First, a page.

Late on Friday, November 19, 2010, the Wall Street Journal reported that federal prosecutors, the FBI and the SEC are in the final stages of an unprecedented three-year investigation into insider trading by consultants, investment bankers, hedge fund and mutual fund traders, and analysts.1 The SEC has already subpoenaed more than thirty hedge funds and investors, and some civil or criminal charges may be brought before the end of the year.

Those responding to subpoenas, investigations or claims arising out of the government’s insider trading probe should look to directors and officers (“D&O”) or errors and omissions (“E&O”) liability insurance for coverage for defense costs and, in some cases, settlements or judgments arising out of insider trading claims.

Depending on policy terms, subpoenas can qualify as “claims” under some D&O and E&O policies entitling insured respondents to payment for “defense costs” incurred in responding to the government’s requests for information or documents. In some cases, coverage for regulatory investigations depends on identifying the “target”—whether an insured officer/director or the insured organization. Policies may provide coverage for an investigation of the “insured organization” only if also continuously maintained against an “insured person.” Other policies may explicitly address investigations against “insured persons” but make no mention of coverage for an investigation of the “insured organization.” In still other cases, courts may allow coverage for regulatory investigations—regardless of the “target”—in recognition of the fact that the focus of a regulatory investigation is determined closer to the end of the investigation than the beginning.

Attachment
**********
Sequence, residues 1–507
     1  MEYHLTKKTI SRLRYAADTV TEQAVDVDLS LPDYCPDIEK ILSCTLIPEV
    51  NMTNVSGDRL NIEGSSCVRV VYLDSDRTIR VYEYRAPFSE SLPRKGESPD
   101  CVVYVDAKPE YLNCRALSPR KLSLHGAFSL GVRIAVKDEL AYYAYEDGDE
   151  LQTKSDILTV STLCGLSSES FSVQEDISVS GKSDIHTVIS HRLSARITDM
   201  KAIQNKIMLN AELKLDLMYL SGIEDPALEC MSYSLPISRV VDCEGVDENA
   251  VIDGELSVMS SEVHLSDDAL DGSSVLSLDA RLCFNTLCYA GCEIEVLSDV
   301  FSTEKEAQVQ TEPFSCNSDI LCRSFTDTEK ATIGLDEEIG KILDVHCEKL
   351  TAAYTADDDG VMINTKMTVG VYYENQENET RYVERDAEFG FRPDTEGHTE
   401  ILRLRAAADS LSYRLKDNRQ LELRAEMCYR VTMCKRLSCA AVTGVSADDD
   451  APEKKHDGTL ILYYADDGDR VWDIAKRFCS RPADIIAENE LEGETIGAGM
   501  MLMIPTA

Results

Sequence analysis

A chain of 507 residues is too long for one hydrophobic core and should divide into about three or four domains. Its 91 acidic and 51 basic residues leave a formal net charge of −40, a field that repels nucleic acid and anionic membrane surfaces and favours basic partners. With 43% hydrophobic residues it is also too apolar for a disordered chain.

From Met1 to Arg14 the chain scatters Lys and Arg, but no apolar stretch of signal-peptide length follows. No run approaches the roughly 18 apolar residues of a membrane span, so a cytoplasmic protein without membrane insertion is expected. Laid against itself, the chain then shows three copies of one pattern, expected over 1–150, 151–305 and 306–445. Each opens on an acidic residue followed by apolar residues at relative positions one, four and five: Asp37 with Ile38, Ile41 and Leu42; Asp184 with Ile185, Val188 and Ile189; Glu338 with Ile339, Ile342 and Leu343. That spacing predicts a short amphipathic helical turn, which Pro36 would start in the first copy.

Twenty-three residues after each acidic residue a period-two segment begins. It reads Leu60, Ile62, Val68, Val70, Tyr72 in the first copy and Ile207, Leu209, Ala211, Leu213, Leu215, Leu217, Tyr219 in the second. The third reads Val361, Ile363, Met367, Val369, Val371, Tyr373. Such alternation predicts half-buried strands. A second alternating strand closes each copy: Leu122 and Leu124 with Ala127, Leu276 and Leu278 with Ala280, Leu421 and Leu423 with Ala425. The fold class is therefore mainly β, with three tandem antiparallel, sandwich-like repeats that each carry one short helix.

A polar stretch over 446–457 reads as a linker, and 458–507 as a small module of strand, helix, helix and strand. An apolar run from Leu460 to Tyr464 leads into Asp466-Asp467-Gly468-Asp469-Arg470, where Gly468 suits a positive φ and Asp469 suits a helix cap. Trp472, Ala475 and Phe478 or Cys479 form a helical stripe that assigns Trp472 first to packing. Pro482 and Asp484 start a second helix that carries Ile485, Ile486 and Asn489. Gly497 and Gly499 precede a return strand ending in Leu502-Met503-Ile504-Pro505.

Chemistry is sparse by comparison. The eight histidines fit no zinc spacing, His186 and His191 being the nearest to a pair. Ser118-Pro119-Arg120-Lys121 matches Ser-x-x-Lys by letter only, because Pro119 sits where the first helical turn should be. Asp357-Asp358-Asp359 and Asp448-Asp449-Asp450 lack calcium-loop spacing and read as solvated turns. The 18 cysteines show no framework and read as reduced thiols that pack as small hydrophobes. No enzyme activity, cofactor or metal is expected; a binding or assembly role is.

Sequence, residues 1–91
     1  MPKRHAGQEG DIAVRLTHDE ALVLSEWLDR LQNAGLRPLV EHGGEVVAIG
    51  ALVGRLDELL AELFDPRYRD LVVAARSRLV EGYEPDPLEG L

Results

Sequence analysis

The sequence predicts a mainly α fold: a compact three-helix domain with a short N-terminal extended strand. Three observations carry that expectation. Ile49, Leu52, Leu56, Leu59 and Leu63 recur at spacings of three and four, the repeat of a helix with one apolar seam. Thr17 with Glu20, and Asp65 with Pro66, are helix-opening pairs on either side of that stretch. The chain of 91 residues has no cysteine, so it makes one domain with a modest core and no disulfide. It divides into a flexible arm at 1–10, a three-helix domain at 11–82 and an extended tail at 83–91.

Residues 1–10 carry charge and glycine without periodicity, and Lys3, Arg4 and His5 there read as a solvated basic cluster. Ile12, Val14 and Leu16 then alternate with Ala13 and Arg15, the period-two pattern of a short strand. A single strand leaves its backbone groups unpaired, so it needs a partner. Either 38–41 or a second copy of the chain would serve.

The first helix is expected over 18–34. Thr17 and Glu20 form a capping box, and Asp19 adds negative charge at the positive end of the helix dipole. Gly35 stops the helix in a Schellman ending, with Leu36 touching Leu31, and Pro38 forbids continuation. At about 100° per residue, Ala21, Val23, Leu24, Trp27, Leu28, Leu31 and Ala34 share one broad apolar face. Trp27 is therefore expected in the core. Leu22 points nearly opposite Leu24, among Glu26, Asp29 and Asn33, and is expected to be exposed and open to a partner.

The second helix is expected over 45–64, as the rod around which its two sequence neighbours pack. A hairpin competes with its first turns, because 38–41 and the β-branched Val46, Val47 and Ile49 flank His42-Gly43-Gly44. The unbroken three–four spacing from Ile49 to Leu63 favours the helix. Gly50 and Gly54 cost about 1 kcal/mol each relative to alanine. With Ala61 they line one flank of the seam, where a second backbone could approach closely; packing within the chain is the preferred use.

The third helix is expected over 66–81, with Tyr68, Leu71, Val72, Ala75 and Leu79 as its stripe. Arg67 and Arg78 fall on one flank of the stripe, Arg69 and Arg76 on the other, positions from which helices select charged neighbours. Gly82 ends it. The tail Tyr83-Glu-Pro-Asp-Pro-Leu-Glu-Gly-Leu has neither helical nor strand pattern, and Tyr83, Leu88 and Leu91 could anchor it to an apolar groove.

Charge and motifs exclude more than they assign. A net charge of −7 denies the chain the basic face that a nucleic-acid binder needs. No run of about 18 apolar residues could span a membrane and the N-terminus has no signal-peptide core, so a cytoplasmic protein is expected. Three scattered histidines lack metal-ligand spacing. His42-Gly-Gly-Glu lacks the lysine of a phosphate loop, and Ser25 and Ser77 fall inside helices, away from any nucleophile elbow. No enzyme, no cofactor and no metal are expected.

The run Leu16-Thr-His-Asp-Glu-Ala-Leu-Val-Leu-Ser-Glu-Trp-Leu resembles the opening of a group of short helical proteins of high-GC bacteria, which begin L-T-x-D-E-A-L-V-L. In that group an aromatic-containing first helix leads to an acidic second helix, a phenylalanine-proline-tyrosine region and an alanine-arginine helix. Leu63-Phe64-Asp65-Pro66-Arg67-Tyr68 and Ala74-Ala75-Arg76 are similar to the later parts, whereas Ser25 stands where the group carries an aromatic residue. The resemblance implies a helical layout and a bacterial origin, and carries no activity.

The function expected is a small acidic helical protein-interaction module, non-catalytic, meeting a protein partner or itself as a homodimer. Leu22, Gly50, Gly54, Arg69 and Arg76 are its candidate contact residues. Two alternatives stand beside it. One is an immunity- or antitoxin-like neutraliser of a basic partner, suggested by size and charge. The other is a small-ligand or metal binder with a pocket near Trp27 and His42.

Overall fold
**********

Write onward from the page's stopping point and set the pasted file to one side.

Of course, once the investigation has concluded, if a claim is pursued, D&O and E&O insurance may also provide for the advancement of defense costs incurred in connection with civil or criminal proceedings against an insured person facing insider trading allegations. If civil proceedings result, insured persons may in some circumstances obtain indemnification for amounts paid in satisfaction of a settlement or judgment—particularly as long as the “personal benefit” requirement for tipper liability is a different, lower standard than the “personal profit” exclusions found in many D&O and E&O policies.

In any event, D&O or E&O liability insurance may provide an invaluable resource for insureds faced with what is predicted to be an unprecedented onslaught of civil and criminal insider trading claims. Insureds should be vigilant in providing notice to their insurers of subpoenas and investigations as well as traditional claims and suits. With so much at stake, policyholders should also vigorously defend their coverage rights and seek coverage counsel when appropriate.